Taxonomy and distribution of other Hypolycaena species in Maluku

In addition to Hypolycaena asahi there are four other Hypolycaena species in Maluku. Fiedler, 1992, pointed out that two of these, Hypolycaena phorbas and Hypolycaena erylus (Godart, [1824]) shared characteristics of larval polyphagy and strong mymecophily and referred to them as the phorbas species group. Adult males in this group also have a large circular black brand on the upperside of the forewing. It group includes the taxa erylus, phorbas, dictaea C. & R. Felder, 1865, (TL: Waigeo) and periphorbas Butler, 1882 (TL: New Britain), all of which Parsons treated as separate species.

D’Abrera treated Hypolycaena erasmus (TL: New Ireland) as a valid species name and moutoni Ribbe, 1899 (TL: Duke of York Island) as a subspecies of Hypolycaena erylus. Parsons synonymised erasmus and moutoni with periphorbas, giving periphorbas species status. D’Abrera had listed periphorbas as a subspecies of phorbas. Parsons noted that Hypolycaena periphorbas is restricted to the Bismarck Archipelago. We accept Parsons’ synonymies.

D’Abrera illustrated the upperside of a female Hypolycaena specimen from Halmahera which he labelled “Hypolycaena erasmus subsp.?” We examined this specimen in BMNH which carries a label stating: “Specimen photographed by B. D’Abrera, 1970”. The specimen is clearly Hypolycaena erylus thyrius and matches other thyrius specimens in the same column. This specimen is shown here in Figs 29 and 30 which should be compared with Figs 17 and 18 from Bacan.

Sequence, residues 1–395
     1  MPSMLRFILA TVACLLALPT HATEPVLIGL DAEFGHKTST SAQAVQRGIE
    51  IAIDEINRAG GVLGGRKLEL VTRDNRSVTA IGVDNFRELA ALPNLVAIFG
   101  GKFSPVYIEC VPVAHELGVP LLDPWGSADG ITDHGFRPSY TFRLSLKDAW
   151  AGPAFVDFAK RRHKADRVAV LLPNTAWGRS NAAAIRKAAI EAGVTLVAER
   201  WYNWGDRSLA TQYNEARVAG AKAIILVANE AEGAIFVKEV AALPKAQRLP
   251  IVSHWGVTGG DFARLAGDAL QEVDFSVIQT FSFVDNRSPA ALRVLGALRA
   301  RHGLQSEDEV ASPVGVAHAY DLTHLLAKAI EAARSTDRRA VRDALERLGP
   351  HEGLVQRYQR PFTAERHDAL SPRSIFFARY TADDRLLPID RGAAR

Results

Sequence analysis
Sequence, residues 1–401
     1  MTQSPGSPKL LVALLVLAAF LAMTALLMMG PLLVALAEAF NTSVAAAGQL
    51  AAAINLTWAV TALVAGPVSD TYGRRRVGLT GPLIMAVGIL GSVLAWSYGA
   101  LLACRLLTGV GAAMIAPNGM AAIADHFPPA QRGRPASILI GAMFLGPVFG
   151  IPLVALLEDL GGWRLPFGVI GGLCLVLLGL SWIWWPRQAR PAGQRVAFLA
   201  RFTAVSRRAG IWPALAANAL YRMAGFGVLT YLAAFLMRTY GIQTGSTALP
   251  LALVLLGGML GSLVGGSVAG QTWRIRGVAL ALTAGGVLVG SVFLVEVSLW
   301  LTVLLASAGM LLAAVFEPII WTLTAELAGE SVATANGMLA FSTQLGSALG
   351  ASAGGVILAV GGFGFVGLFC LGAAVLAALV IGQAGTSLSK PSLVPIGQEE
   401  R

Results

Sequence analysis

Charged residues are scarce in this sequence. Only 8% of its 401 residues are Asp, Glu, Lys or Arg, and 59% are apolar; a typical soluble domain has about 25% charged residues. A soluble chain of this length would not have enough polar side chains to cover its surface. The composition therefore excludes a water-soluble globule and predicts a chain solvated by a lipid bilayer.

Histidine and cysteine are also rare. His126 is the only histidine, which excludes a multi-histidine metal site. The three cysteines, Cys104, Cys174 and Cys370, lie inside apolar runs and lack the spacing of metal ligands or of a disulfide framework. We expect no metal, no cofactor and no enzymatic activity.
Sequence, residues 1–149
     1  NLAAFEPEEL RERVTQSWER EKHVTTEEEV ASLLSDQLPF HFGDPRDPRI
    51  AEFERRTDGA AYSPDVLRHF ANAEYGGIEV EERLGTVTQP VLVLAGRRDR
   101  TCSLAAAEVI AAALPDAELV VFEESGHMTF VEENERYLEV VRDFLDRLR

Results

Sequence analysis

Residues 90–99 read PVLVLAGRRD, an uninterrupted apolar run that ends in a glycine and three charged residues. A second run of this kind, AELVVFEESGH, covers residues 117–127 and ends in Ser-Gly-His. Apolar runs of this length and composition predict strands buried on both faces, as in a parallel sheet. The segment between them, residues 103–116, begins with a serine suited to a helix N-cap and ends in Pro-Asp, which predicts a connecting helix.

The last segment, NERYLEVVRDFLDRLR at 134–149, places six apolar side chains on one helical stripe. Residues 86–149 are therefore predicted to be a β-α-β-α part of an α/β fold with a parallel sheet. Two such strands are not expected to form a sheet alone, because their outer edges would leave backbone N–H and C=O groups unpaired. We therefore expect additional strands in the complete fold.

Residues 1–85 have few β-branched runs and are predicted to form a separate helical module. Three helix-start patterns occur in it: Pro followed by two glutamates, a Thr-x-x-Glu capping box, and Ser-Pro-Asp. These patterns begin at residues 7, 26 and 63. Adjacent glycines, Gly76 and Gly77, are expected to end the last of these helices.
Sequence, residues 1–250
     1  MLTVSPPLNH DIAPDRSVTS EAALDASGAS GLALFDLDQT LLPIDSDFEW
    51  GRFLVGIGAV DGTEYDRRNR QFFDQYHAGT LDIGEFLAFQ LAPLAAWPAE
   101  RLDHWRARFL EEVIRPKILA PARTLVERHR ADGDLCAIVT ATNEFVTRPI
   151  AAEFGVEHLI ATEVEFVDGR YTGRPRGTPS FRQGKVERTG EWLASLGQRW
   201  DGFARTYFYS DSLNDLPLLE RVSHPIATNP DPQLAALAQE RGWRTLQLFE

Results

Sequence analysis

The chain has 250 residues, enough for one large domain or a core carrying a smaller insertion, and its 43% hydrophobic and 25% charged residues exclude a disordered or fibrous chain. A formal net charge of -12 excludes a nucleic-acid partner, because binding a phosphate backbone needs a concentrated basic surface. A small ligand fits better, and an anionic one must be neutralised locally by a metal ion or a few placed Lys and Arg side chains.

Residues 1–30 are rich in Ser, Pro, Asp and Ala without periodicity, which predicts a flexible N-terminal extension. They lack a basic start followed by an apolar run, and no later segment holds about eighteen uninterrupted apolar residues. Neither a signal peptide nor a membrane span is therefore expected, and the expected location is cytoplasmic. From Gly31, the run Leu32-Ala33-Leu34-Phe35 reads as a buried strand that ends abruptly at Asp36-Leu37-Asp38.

Therefore we conclude there is no record of Hypolycaena periphorbas (= Hypolycaena erasmus) occurring in Maluku. In the Maluku fauna, Hypolycaena phorbas can be readily distinguished from Hypolycaena erylus by its broader dark forewing margin in the male (Fig. 31) and its white forewing patch in the female (Figs 33, 35).

Hypolycaena erylus (Godart, [1824]) (Type Locality (TL): “De Java”)

This species ranges from India to Indonesia, the Philippines and New Guinea. Within Maluku Hypolycaena erylus is known from N. Maluku, the Sula Islands and there are a few specimens in BMNH (The Natural History Museum in London) from S.E. Maluku (see below).

Hypolycaena erylus gamatius Fruhstorfer, [1912] (TL: Toli-Toli, N. Sulawesi). Figs 11–14.

Hypolycaena erylus gamatius Fruhstorfer has been recorded from Mangole (Vane-Wright & de Jong, 2003) in the Sula Islands.

Specimens received by the second author from Taliabu (Jorjoga - 1♂, 1♀, ii/2001, 1♂, 1♀ x/2001, 1♂ v/2002, 1♂ iii/2004) represent a new island record. We also add the islands of Muna (1♂, 1♀ iii/2008) and Timpaus (5♂♂, 7♀♀ vii/2006) as new locality records, although not in Maluku Province.

Hypolycaena erylus thyrius Fruhstorfer, [1912] (TL: Halmahera). Figs 15–18.

= Hypolycaena erylus pigres Fruhstorfer, [1912] syn. nov. (TL: Obi). Figs 19–22.

= Hypolycaena erasmus ssp; D’Abrera 1978: 304. [Misidentification].

Fruhstorfer described Hypolycaena erylus thyrius from “Halmaheira, Batjan” but listed only a single female type. This taxon is known from Halmahera, Ternate and Bacan. To this we add Morotai (Daeo – 2♂♂ 3/vi/1992, 1♂ ii/1998, 1♂ iii/1998, 2♀♀ iv/2004, 1♀ 25/viii/1995, 1♀ 2/xi/1995), Buho-Buho (1♂ 8/xii/90) and Kasiruta (1♂ iv/2003).